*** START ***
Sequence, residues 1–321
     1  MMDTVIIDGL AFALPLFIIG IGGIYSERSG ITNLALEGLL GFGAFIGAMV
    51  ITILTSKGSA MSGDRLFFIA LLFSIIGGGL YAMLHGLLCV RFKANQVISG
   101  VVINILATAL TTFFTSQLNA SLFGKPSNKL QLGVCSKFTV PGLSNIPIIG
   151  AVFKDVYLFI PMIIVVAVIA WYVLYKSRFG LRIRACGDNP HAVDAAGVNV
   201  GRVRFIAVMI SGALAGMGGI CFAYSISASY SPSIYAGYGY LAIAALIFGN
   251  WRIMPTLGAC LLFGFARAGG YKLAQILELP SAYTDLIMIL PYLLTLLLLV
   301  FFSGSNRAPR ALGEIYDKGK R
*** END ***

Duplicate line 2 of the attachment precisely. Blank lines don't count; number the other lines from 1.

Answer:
     1  MMDTVIIDGL AFALPLFIIG IGGIYSERSG ITNLALEGLL GFGAFIGAMV